Lately, I’ve been running instead of walking hills for my morning workout.
The world of running is completely new to me and I never planned to take up running. Walking just sort of evolved into running, all on its own. But at first, I could only handle a very slow jog. Other runners on the trail were running right past me.
After jogging every day for a while, I thought maybe I was doing something wrong. It felt kind of boring, difficult, and pointless. I tried to increase my speed a little. But that wasn’t fun for me. I was out of breath and I couldn’t run very far. I guess I just had to start reeeeally slow.
But then I tried something else. I tried running fast and then walking and then running again – off and on. This worked GREAT for me. I could run faster, go a longer distance, AND get my heart rate up – in the shortest amount of time and distance necessary. I could also take on a steep hill or two. Why wasn’t I taught this form of running in high school P.E. class??
I noticed that no one else on the trail was running this way. Was I doing something wrong again?
My son Zeke who’s a certified personal trainer said it was actually a smart way to run and there’s a name for it too. It’s called High Intensity Interval Training or HIIT. There’s no set standard. You could walk slow, then walk a little faster. Or run, and then do dead sprints. Apply to anything.
My strange form of running doesn’t seem so strange after all. But there was just one other problem. As a new runner, I found myself worried what other people thought of my running skills. Why did I feel so much shame and guilt every time I slowed down to a walk? Why could I feel people frowning at me?
I remembered high school again, when I was playing field hockey and other sports. We weren’t supposed to slow down. We were supposed to keep pushing hard to the end of the game, with one short break at half time. If we slowed down, that was frowned upon, whether spoken or unspoken.
You might notice similar expectations in everyday life: Do your chores. Brush your teeth. Wake up early. Earlier. Study hard until the exam. Now get to work. Work hard until retirement. Now you have to work on your failing health…. Giving up is not an option! Shame on you if you don’t keep going….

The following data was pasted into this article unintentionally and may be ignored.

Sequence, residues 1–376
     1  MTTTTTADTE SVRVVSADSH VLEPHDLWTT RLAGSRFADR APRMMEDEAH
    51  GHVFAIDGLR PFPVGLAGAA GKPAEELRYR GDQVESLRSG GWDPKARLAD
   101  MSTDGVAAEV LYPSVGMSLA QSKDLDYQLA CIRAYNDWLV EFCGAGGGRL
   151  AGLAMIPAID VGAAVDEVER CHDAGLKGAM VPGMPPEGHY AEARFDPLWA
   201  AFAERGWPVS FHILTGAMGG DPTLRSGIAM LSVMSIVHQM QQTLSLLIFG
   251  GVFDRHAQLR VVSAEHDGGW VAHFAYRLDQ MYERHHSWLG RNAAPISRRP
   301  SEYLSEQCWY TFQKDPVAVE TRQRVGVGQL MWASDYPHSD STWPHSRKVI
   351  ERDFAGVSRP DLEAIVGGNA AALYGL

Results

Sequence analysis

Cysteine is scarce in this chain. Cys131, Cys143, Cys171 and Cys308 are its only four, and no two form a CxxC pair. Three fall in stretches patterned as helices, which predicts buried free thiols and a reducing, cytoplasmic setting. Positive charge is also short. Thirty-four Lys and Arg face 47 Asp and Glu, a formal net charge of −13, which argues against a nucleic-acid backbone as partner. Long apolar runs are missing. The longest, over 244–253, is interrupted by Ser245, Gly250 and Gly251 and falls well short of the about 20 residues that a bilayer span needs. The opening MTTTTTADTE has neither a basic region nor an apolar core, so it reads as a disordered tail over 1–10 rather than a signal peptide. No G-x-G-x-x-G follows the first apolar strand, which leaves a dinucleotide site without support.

But maybe this formula is a little out of balance. Maybe it emphasizes hard work to the point where hard work really isn’t worth the energy. Maybe it’s even a waste of energy, or harmful. It certainly isn’t fun. It might even feel like torture. Yet, it’s familiar. So we keep at it.
Medical science has been talking more and more about our circadian rhythm. If you look at the studies, you’ll notice that your hormones such as cortisol and other chemicals go through a series of highs and lows throughout the day and night. This pattern is similar to a complex sine wave. The sine wave is found throughout nature such as in light waves and sound waves.
It’s also alluded to in esoteric or enlightened texts. The entire universe functions on the yin yang balance which consists of polarities, or highs and lows, or… intervals of walking and running!
However you apply it, whether it’s interval training, intermittent fasting, eating and sleeping on a circadian rhythm – or just taking a break in life when you need it… The Buddha’s ‘Middle Way’ might be the “formula” for minimal effort and maximum return.
In other words, WHEN YOU DON’T PUSH YOURSELF, YOU CAN PUSH HARDER. OR, THE MORE YOU GIVE UP, THE MORE YOU WON’T GIVE UP.
During my walk/run, I deliberately began slowing down when I felt someone’s eyes on me. That helped me break free from expectations – perceived or otherwise. A sense of freedom can allow for ‘flowing with the universe,’ even if it runs contrary to social norms.